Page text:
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That tenacity extends to the whole of England's seam attack, for there is no weak link at present. James Anderson topped and tailed the innings to deny Bresnan and Broad a shot at their fifth wicket of the day, but given that he came into the contest as a reserve, Bresnan could hardly feel short-changed by a tally of nine wickets in two innings. "It is nice that the wickets were shared around a bit," he said. "It has definitely got the hunting-in-the-pack mentality to it. We do enjoy each other's success, which is great for going forward with team spirit."

India's coach, Duncan Fletcher, can only look on ruefully. In his seven years with England, Fletcher became accustomed to dominance on English soil, with the Ashes defeat of 2001 his only series loss in this country. Right now, however, he's more or less resigned to another dent in that record, for today's events had the same sort of one-sided feel as that rubber. Australia's spearheads on that trip were Glenn McGrath and Jason Gillespie, two men whose methods also centred around constriction.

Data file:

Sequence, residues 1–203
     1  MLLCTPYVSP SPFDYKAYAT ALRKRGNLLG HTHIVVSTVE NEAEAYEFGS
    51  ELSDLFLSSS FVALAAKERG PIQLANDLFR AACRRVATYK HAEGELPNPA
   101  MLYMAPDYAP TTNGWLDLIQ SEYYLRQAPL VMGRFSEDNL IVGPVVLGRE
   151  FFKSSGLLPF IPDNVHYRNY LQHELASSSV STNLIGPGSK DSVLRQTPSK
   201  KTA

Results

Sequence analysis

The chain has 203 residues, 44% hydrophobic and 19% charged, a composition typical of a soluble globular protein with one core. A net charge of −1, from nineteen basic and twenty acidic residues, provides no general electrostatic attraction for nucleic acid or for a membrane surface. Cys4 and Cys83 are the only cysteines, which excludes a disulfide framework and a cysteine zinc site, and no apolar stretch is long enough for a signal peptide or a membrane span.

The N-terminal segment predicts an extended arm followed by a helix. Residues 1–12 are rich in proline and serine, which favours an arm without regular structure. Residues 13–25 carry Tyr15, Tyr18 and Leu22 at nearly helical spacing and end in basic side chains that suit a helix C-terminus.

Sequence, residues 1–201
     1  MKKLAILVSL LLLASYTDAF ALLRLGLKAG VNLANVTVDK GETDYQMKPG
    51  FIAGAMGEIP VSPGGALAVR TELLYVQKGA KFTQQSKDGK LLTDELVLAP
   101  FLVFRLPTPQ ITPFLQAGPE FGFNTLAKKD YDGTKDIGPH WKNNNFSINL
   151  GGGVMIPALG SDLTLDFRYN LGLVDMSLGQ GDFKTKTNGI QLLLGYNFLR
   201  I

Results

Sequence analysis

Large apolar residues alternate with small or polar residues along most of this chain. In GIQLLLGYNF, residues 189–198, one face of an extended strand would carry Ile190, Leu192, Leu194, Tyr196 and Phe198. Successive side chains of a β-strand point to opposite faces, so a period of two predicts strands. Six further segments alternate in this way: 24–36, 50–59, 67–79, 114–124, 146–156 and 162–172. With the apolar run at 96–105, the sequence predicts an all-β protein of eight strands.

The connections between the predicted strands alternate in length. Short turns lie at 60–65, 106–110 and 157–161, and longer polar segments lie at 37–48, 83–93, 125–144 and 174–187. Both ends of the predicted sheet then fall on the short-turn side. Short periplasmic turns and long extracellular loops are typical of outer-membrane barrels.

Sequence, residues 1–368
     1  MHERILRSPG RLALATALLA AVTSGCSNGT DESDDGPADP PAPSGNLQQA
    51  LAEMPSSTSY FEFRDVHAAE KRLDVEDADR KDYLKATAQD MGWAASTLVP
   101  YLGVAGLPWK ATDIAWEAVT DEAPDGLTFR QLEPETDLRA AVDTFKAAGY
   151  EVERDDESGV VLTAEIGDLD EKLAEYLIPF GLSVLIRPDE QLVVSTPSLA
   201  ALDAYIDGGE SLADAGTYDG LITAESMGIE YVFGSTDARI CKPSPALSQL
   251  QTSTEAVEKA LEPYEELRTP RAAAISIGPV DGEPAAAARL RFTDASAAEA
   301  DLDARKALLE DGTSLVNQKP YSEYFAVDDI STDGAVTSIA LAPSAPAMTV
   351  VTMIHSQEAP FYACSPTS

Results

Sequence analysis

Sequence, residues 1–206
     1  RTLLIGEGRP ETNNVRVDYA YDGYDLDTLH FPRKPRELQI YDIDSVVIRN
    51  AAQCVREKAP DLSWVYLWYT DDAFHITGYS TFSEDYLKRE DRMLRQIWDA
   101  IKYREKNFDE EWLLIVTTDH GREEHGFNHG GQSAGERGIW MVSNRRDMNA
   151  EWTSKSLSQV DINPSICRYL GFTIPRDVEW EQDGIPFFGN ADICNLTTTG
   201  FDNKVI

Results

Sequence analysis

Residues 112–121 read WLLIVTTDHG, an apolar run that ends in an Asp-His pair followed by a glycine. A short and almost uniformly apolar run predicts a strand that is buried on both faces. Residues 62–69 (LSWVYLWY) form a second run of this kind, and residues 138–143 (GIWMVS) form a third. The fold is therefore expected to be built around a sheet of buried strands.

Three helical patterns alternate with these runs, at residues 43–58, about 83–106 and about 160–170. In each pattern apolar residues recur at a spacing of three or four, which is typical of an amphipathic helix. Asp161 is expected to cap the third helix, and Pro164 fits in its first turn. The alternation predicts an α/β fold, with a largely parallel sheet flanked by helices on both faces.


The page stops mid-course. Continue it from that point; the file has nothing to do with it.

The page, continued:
"They are bowling well as a unit, they have good back-up, and they've been effective as we can see from the way they have performed," said Fletcher. "They are a good combination, they hunt in a pack well, which is very, very important, and they've got a good intensity. And they've really been helped by the conditions, by the way it has swung and seamed."